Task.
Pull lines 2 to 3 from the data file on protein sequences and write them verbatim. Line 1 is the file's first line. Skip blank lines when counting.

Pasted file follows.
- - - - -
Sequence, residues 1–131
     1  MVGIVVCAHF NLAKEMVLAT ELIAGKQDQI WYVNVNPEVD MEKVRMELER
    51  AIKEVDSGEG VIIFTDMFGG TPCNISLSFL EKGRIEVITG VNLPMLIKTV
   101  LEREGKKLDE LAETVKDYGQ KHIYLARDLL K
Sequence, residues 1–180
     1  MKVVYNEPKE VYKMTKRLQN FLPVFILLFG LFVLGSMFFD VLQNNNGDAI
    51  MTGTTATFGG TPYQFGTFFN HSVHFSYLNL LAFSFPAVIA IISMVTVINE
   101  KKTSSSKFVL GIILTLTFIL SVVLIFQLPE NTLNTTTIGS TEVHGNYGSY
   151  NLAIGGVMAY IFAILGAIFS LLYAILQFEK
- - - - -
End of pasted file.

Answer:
     1  MVGIVVCAHF NLAKEMVLAT ELIAGKQDQI WYVNVNPEVD MEKVRMELER
    51  AIKEVDSGEG VIIFTDMFGG TPCNISLSFL EKGRIEVITG VNLPMLIKTV